Mathematics is a living subject with new processes, techniques and theories constantly being devised, tested and explored.
The extensive use of computers in a wide range of academic areas has led to an increasing demand for statistical and mathematical analysis in many new fields.
This means that mathematicians and statisticians are being asked to develop new tools and techniques to deal with problems in areas from business management to biology. New insights are also being opened up in the more traditional areas of physical science and engineering. All this activity leads to new applications of mathematics and statistics, as well as new theoretical work on the structure of the mathematics involved.
Mathematics does not just consist of formulae, it consists of ideas. To fully appreciate mathematics you must pass from the bare formulae to the ideas that lie behind them. Mathematical thought is one of the truly great human achievements. Mathematics has been around for some 4,000 years and has flourished in many countries. It has created an impressive order or structure which has a lasting quality.
The study of these ideas, both past and present, contributes a great deal to your education and will enable you to gain a deeper understanding of how to work through arguments and solve problems logically. Mathematics provides skills in independent thinking and problem solving, which are of use in many fields of employment and in Engineering, Commerce, and other Science subjects.
Entry into most 100-level Mathematics courses is open to all students with entry to the University. The Department of Mathematics and Statistics offers a choice of courses designed to cater for students with a range of backgrounds and interests.
Detailed entry recommendations are available on the department website (follow the link for Prospective Students).
Students who have performed very well in NCEA Level 3 mathematics with statistics and/or mathematics with calculus may be eligible for direct entry into a 200-level Mathematics course.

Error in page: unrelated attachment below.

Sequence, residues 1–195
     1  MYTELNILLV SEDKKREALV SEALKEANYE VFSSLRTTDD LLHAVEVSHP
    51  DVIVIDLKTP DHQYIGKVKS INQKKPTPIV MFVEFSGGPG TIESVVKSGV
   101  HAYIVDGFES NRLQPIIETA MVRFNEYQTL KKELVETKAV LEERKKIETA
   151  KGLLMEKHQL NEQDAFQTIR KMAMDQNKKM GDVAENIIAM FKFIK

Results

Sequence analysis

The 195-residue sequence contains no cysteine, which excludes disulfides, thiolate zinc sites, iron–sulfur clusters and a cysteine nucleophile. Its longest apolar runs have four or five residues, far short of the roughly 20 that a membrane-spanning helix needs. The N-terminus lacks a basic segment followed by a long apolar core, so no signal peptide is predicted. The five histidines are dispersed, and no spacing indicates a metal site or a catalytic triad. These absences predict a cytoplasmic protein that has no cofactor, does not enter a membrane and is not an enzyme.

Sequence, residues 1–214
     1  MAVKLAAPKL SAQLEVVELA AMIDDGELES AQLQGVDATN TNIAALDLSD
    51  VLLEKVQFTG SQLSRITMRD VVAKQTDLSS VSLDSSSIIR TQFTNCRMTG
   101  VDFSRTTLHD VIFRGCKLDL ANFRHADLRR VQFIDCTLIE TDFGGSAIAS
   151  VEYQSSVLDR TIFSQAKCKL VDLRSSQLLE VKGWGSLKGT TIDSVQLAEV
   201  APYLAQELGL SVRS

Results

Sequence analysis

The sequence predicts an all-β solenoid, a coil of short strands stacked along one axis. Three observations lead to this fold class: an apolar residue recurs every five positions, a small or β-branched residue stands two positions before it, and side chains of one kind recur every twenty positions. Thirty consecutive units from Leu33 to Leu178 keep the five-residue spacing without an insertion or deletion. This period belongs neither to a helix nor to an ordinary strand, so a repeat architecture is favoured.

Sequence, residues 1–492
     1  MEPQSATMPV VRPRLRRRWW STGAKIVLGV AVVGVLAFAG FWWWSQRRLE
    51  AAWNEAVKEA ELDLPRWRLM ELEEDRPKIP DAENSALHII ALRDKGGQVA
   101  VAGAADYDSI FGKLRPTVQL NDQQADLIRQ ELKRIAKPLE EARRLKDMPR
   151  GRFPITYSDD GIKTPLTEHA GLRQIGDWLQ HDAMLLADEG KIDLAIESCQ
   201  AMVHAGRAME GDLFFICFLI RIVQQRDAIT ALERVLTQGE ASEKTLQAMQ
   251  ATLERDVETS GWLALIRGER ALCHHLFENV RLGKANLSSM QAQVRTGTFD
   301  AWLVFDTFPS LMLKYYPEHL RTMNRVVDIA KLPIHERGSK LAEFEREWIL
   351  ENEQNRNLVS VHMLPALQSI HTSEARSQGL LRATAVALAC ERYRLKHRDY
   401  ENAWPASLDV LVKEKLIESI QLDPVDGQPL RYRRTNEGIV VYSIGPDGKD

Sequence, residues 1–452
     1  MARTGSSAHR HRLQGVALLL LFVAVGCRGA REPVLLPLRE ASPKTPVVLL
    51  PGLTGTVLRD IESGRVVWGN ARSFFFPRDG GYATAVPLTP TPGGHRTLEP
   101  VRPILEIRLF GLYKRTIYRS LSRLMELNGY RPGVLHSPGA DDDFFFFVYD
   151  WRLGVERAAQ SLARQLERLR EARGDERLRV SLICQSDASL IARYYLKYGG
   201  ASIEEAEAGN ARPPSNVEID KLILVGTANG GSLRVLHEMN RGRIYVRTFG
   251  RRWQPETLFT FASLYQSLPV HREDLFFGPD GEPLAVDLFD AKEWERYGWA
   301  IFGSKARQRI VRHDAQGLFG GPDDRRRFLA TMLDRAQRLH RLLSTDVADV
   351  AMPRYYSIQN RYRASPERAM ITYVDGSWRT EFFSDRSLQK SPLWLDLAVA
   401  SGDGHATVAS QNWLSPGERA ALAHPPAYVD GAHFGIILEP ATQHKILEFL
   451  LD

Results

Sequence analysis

UC also offers Science Headstart summer preparatory courses in January/February for students who have not studied mathematics or statistics for some time or who lack confidence in their skills.
The core of the 100-level (first-year) programme consists of linear algebra and calculus, found in the two courses MATH 102 and MATH 103. MATH 103 follows on from MATH 102 and has MATH 102 as a prerequisite. Together, these courses will let you into almost any 200-level Mathematics course.
If you want to major in Mathematics, you should include MATH 102 and MATH 103 in your first year. In addition, anyone wanting to do a significant amount of Mathematics in their degree should take both these courses. MATH 102 is also required or recommended for people intending to major in any of several subjects, including Economics, Statistics, Physics and Management Science. Anyone planning to do Engineering will require the Engineering Mathematics courses EMTH 118 and EMTH 119.
Students who have not passed a substantial amount of Year 13 mathematics, or its equivalent, are strongly advised to enrol in MATH 101 before advancing to MATH 102. MATH 120 can be taken alone or credited with any other 100-level core Mathematics course. MATH 170 is intended for students who want to progress in applied mathematics. It is recommended that students who enrol in MATH 170 either have already been credited with, or are concurrently enrolled in, MATH 103. MATH 130 is a course on logic and explores formal and informal reasoning, aspects of symbolic logic and patterns of inference, and is valuable in any undergraduate degree.
We offer a wide variety of courses at 200 and 300-level. These include courses in discrete mathematics, linear algebra, calculus, differential equations, mathematical modelling and statistics. If you are majoring in Mathematics, you need 45 points from selected MATH 200-level courses and at least 60 points from MATH 302–394. In exceptional situations students can get direct entry from Year 13 into the 200-level courses. If you are unsure which papers best suit your needs, contact one of the Department's course advisors. It is good to include other subjects at 200-level. Popular choices include Statistics, Physics, Chemistry, Computer Science, Management and Economics.
Following a BSc or a BA you can proceed to a BSc(Hons), BA(Hons), MSc, MA, PGDipSc or PhD. If you achieve well in Mathematics, seriously consider aiming for a BSc(Hons) or BA(Hons) degree in Mathematics. This involves one year's study after your BSc or BA. To do this degree you need to do an extra two courses from MATH 310–399 or STAT 310–399, and to get a B+ average in your 300-level courses.
Perhaps the most important quality that a Mathematics graduate develops is the ability to reason logically and in depth. Vocational courses provide expertise which seems to have an immediate usefulness, but technological change is rapid and what is learnt one year may be superseded within a decade. On the other hand, the habits of thought promoted by a study of mathematics are of permanent value.
Many Mathematics graduates move into teaching and significant numbers are absorbed by computing, finance, commerce, insurance and scientific establishments, such as the Crown Research Institutes. Employment opportunities are particularly good for people who combine qualifications in Mathematics with qualifications in other disciplines such as the physical sciences, Statistics, Computer Science, Engineering, Management and Economics.
For further career information, please go to www.canterbury.ac.nz/careers